First, the concepts of “acceptance”, “social opportunities”, “support system”, “career quest” and “belongingness” are all rooted on the idea that in this country, what matters is “whom you know” and not “what you know”. Meritocracy is nothing but secondary to the endorsement of Congressman, or the governor or high ranking officials. When I did a study of the political economy of public works and engineering districts, a Department of Public Works and Highways official spilled that the curriculum vitae of applicants for the position of District Engineers are flowering with endorsements from public officials, mainly Congressmen. Can now somebody make a correlation between the Congressional pork and the relationship of the Congressional District Representative and the District Engineer?

Second, “acceptance” and “belongingness” also point out that divisiveness is very high in the Philippine society. One can easily spot this by just looking at the DDS-Dilawan divide. This is because of the “black and white” branding leaving no room for gray. Under the present context, for instance, one is easily branded a “dilawan” just for airing a disgust on a government policy — a disgust that is not even aired against President Rodrigo Duterte. But ask what is a “dilawan”, some would say “these are the Liberal Party people” or the elites shelving up the fact that almost all of these “dilawans” are already in the President’s political party.

Third, the concept of “personality development” also shows how weak the Filipino families are that they could not build the personality or even confidence of their children. This is being corroborated by a Facebook post showing that the Philippines is last on the list of ASEAN countries in terms of IQ, or ranked 62nd of 110 countries as per the data presented by WorldData.info.

Fourth, Filipinos are a political animal so the myth that fraternities could provide “leadership experience” abound. In reality, though, what these youth want is a taste of power because of the perks they see from their mayor or governor. “A mayor or a governor gets what he wants and the mayor or governor is a leader. Therefore, I want to be a leader, too.” Many failed to see, or the Filipino schools and families failed to teach, that leadership is a matter of accountability and not benefits. Has anybody admitted to the death of Atio? Or the other victims of hazing? None, because everyone is a Pilate.

The original concepts of fraternities and sororities are good. But then again, these are used and abused and something should be done about it. Maybe it is high time for fraternities and sororities to do an introspection while the government strictly regulate these organizations. Families and schools should also get involve and rethink how to grow and nurture members of the society that are confident and can live even outside a group.

Where’s “express” in South Luzon Expressway?

Commuters from south of Metro Manila were greeted yesterday with a standstill traffic due to the closure of the South Luzon Expressway (SLEX) Lane 3 Northbound after Alabang viaduct to give way to the Skyway extension project. Thousands were late for school and work, and hours were wasted because of the heavy traffic which, heaven forbids, could last until December 2020.

Commuters pass the expressway and pay toll fees because of the promise of speed and convenience. Otherwise, they would have taken the secondary and arterial roads. But with the not-so properly planned traffic system, the toll fees become an unneccessary burden.

If the essence theory is to be followed, since SLEX cannot anymore provide the speed and convenience it promises, it loses its right to impose toll fees. It cannot reason out that the Skyway construction is inevitable, and that in the future, convenience will resume. If that is the case, then the charging of toll fees should also be suspended and resume only when the convenience being provided by an expressway returns.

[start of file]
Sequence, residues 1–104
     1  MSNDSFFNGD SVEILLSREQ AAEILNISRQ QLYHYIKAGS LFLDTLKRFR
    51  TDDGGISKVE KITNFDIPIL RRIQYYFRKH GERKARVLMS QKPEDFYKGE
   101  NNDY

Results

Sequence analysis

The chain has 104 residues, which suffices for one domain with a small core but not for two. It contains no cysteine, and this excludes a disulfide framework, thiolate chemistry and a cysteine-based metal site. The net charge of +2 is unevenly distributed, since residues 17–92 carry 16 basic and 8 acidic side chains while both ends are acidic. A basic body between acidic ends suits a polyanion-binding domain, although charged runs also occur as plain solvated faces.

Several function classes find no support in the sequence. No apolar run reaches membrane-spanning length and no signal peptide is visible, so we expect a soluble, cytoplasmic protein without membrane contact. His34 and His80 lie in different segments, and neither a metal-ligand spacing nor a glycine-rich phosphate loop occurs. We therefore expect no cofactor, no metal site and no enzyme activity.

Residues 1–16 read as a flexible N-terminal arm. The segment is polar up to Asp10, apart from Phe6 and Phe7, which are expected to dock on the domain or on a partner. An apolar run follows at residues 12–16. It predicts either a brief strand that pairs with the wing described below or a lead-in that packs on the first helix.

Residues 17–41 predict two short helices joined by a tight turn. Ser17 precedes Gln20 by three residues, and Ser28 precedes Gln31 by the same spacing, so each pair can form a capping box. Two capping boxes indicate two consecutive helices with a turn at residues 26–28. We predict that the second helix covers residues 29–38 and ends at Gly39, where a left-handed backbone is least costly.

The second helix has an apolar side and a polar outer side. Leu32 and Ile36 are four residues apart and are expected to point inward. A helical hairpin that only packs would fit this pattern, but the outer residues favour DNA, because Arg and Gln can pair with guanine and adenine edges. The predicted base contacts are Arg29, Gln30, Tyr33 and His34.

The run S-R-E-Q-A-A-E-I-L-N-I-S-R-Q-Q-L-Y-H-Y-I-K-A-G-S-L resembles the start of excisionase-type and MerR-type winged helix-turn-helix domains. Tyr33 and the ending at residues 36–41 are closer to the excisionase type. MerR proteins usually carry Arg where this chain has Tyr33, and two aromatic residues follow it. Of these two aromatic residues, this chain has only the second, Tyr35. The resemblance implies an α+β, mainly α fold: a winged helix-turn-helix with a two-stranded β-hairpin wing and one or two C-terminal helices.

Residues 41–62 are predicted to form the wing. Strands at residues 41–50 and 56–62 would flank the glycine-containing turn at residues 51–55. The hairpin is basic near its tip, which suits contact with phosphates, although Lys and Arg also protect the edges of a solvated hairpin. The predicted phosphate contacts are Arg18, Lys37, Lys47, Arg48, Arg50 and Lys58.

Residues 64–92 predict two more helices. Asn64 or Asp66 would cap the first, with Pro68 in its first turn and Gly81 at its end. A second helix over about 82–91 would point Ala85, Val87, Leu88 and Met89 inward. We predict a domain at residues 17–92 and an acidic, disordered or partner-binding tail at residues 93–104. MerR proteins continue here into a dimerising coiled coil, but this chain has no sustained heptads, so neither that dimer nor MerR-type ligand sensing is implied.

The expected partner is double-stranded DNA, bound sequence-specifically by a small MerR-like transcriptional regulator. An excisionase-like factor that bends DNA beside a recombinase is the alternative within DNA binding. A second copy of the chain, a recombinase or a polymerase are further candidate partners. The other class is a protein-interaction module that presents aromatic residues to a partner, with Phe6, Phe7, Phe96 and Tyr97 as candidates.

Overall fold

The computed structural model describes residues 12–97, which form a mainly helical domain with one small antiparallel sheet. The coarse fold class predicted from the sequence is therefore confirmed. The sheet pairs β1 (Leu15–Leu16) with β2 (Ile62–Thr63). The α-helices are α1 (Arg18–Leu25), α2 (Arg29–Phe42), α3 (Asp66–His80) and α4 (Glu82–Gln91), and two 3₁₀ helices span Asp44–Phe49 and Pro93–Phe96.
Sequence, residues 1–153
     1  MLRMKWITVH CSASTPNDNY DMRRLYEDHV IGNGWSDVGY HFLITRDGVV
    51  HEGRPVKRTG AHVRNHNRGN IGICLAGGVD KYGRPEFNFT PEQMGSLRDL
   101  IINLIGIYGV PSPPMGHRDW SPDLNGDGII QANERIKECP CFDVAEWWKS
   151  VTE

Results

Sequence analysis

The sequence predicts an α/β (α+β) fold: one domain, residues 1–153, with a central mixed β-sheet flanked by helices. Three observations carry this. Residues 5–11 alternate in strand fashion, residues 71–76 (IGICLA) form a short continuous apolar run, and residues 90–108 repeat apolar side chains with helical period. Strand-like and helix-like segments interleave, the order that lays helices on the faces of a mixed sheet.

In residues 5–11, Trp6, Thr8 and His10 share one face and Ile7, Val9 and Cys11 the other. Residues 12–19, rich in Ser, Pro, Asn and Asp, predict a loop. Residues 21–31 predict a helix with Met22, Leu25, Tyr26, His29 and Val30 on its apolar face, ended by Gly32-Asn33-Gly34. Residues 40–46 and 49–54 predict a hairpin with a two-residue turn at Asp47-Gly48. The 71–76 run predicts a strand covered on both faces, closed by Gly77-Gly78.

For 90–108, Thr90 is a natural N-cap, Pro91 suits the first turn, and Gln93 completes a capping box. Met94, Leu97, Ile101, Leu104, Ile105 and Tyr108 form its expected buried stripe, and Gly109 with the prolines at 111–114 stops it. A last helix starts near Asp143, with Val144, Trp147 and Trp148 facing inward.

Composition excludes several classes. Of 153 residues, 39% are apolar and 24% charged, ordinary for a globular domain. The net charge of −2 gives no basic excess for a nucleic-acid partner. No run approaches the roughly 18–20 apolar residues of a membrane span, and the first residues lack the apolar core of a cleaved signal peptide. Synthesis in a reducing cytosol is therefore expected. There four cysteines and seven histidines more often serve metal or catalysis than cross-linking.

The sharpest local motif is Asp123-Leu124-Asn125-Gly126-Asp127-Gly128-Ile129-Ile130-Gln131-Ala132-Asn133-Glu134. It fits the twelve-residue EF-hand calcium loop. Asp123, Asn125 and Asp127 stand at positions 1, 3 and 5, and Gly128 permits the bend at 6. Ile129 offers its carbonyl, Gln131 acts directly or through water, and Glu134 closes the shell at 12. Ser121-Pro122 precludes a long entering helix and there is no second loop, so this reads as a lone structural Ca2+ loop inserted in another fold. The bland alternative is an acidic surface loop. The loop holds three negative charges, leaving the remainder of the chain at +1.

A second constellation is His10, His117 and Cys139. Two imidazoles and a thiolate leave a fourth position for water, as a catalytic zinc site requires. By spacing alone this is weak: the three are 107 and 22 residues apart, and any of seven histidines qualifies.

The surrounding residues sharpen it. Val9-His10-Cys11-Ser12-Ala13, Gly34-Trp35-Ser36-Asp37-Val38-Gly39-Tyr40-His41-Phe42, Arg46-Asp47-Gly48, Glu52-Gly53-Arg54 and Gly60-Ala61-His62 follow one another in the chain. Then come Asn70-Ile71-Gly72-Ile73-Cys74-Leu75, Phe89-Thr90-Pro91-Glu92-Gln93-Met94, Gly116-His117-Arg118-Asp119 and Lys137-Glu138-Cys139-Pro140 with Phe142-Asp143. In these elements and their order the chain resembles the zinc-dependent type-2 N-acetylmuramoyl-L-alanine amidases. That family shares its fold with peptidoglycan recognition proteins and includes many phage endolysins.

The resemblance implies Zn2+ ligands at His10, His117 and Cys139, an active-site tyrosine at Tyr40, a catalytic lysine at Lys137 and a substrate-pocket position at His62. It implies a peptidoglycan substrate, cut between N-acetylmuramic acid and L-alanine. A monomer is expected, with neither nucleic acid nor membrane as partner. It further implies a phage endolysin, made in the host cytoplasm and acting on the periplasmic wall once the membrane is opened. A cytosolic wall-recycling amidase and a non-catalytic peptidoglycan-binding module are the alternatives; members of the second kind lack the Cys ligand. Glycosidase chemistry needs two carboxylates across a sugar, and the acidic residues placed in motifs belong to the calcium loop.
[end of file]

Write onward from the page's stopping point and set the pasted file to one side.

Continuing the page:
Second, while it may be true that the Skyway being constructed will provide future benefits, the discussion is focused on the “now”. Will the Skyway operator not charge fees in the future once the road becomes operational? If it is also going to charge toll fees, why should the commuters pay pre and post construction? Can’t fees be exacted only once the facility becomes operational?

Moving forward, SLEX should provide a clear plan and implement a traffic scheme that the commuters deserve. Note that SLEX traffic will build up further with the coming semestral break and during the All Saint’s Day leading to Christmas Day. If it cannot, then it should consider removing the toll fees altogether. This is because if the purpose of the thing is gone, what use is that thing for, right?

ROTC: Harap sa likod, harap sa wala?

I’ve had three years of “military” training — one year of Citizen’s Army Training (CAT), and two years of Reserved Officers Training Corps (ROTC). I also responded to summons for a two-month reservist’s training post college. What I learned: snappy movements facing one direction at a time and hugging a wooden rifle — things that I couldn’t even use in the times of war, or at least in front of a bully.

I must admit, I learned more in a two-session meeting with a karate instructor than those three years I spent from CAT to ROTC and to the reservist’s training. No wonder why President Rodrigo Duterte himself admitted having tricked the military registrar by submitting medical documents that proved he was too sickly to take ROTC, thus exempting him from the requirement.

Picture credit: pna.gov.ph

In House Bill 5113 introduced by Deputy Speaker Raneo Abu, it was argued that the ROTC would lead to the “inculcation of the spirit of nationalism, nation building and national preparedness”. But while we also share these motherhood statements, the advocates of ROTC still have to scientifically prove this claim. After graduating in ROTC, for instance, there were rumors of ROTC platoon leaders and battalion commanders mugged or at least threatened by retalliating students. Not the kind of nation-building and national preparedness we expected from ROTC, right?

Section 4 Article 2 of the Philippine Constitution is clear: The Government may call upon the people to defend the State and, in the fulfillment thereof, all citizens may be required, under conditions provided by law, to render personal, military or civil service. Hence, whether to revive ROTC or not is out of the question.

What should be ask is the content of the curriculum. What is the difference between the previous and the proposed ROTC curriculum? Will the students be receive practical trainings on at least how to fend a punch? Will they also be allowed to touch a real gun and not just hug a wooden one? If not, then scrapped that idea.

What do you think? Feel free to leave a comment.